Addiction-brain effects: Sex addiction, neurotransmitters, and being love addicted

***A disclaimer: Sex addiction is a relatively new concept in science. I haven’t been able to find much research on the subject, so much of what is being said here is my interpretation of the current literature on sexual responsivity in humans.***

sexI’ve already mentioned that scientists are beginning to consider behavioral addictions (like gambling and sex) as being similar to drug addiction. We’ve also covered sex addiction on the site quite a few times.

Since we’d covered the addiction-brain effects of some of the major drugs’ (see here for opiates, crystal meth, and cocaine), I thought it’s time to write about the possible science behind sex addiction.

The sexual activity cycle

Scientists have divided human sexual interaction into 4 stages:

  1. Desire – Represents a person’s current level of interest in sex. It is characterized by sexual fantasies and a desire to have sex.
  2. Arousal – Includes a subjective sense of sexual pleasure accompanied by a physiological response in the form of genital vasocongestion, leading to penile erection in men and vulva/clitoral engorgement and vaginal lubrication in women.
  3. Orgasm – Involves both central processes in the brain and extensive peripheral effects. Orgasm is experienced by the peaking of sexual pleasure, release of sexual tension, rhythmic contraction of the perineal muscles and pelvic reproductive organs, and cardiovascular and respiratory changes.
  4. Resolution – The final stage of the normal sexual response cycle. There is a sense of release of tension, well being, and return of the body to its resting state.

After sexSex addicts don’t seem to have a problem with stage 3, and resolution is more like the end of sexual behavior. So we will focus the rest of our attention on the other stages 1 and 2.

Sex and neurotransmitters

While sex doesn’t involve the ingestion of substances, each of the above cycles does involve the release of many of the neurotransmitters we’ve already discussed (dopamine, serotonin, etc.).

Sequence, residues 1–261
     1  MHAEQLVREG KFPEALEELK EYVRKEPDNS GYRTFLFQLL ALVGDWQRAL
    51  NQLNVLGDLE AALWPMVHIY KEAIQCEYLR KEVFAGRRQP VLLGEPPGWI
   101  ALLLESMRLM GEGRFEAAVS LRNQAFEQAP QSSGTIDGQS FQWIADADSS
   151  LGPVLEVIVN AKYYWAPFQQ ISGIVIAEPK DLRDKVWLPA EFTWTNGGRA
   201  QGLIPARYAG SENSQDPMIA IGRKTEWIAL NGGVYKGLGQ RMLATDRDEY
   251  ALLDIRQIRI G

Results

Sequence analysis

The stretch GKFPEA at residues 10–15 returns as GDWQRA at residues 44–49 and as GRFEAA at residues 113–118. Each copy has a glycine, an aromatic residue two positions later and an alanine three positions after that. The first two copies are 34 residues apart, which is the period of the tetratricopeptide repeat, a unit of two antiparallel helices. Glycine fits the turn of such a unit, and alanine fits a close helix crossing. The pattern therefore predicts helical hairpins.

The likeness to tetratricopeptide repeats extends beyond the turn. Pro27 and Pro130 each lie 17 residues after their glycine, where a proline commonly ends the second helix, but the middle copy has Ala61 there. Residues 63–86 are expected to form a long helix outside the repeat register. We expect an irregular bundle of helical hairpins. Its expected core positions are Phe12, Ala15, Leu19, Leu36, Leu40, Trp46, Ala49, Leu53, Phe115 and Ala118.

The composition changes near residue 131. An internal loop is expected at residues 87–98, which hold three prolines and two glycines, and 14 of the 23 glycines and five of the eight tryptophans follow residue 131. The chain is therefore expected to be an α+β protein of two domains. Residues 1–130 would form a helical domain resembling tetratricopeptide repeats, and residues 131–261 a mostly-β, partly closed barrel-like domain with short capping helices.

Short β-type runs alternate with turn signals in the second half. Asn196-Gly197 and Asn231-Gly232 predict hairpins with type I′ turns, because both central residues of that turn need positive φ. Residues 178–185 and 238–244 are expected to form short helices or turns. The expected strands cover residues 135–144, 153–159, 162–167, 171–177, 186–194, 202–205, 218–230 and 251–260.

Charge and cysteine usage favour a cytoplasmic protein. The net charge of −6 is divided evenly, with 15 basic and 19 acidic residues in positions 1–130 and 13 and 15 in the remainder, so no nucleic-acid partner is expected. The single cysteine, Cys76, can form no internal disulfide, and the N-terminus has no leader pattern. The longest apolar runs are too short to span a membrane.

In fact, there seem to be three major area in the brain that are activated during sex:

  1. The Medial Preoptic Area (MPOA) – This is one of the areas where all the sensory inputs to the brain converge. This. This area is crucial for the initiation of sexual response – the move from desire to arousal. It is mostly the release of dopamine within this area that supports sexual responding. Animals with lesions here can’t  mount or thrust.
  2. Paravantricular  (male) or ventromedial hypothalamus – These area are responsible for non-contact sexual responses. Dopamine is once again the main activating agent here.
  3. The mesolimbic system – Important for the motivation towards anything “good” this system is also very involved in motivation for sex, a big part of the desire and arousal stages. As with drugs, it is the release of dopamine with this system that increases the motivation for sex.

We haven’t discussed the first two area much, and from my understanding, their functioning is relatively specific to sexual response. However, we’ve certainly mentioned the mesolimbic system. This is the same system involved in the brain’s processing of opiates, cocaine, methamphetamine, and essentially all other drugs. It is also the system in charge of food motivation.

As you can see, dopamine is an activating neurotransmitter for sexual response. Serotonin on the other hand, plays an inhibitory role in sex. Through its activity on a number of brain area, serotonin reduces desire, arousal, as well as the ability to orgasm. The increase of overall brain-serotonin levels is one of the main reasons for reduced sexual responsivity in individuals who are taking SSRI antidepressants.